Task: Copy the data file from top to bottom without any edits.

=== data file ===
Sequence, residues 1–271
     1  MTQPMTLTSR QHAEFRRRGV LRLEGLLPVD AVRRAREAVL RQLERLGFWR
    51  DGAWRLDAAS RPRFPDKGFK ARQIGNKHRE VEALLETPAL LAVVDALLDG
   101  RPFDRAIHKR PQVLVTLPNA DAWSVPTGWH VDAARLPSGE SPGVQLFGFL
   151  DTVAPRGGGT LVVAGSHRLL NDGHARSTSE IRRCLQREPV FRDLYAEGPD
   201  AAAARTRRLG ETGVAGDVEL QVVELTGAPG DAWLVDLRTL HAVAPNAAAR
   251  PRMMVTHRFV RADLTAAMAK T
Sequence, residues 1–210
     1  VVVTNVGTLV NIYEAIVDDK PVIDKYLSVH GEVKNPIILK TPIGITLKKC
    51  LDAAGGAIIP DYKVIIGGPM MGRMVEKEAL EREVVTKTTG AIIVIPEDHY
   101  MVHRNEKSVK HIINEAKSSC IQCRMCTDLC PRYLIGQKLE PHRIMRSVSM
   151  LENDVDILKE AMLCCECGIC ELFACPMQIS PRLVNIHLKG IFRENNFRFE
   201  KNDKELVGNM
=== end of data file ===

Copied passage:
Sequence, residues 1–271
     1  MTQPMTLTSR QHAEFRRRGV LRLEGLLPVD AVRRAREAVL RQLERLGFWR
    51  DGAWRLDAAS RPRFPDKGFK ARQIGNKHRE VEALLETPAL LAVVDALLDG
   101  RPFDRAIHKR PQVLVTLPNA DAWSVPTGWH VDAARLPSGE SPGVQLFGFL
   151  DTVAPRGGGT LVVAGSHRLL NDGHARSTSE IRRCLQREPV FRDLYAEGPD
   201  AAAARTRRLG ETGVAGDVEL QVVELTGAPG DAWLVDLRTL HAVAPNAAAR
   251  PRMMVTHRFV RADLTAAMAK T
Sequence, residues 1–210
     1  VVVTNVGTLV NIYEAIVDDK PVIDKYLSVH GEVKNPIILK TPIGITLKKC
    51  LDAAGGAIIP DYKVIIGGPM MGRMVEKEAL EREVVTKTTG AIIVIPEDHY
   101  MVHRNEKSVK HIINEAKSSC IQCRMCTDLC PRYLIGQKLE PHRIMRSVSM
   151  LENDVDILKE AMLCCECGIC ELFACPMQIS PRLVNIHLKG IFRENNFRFE
   201  KNDKELVGNM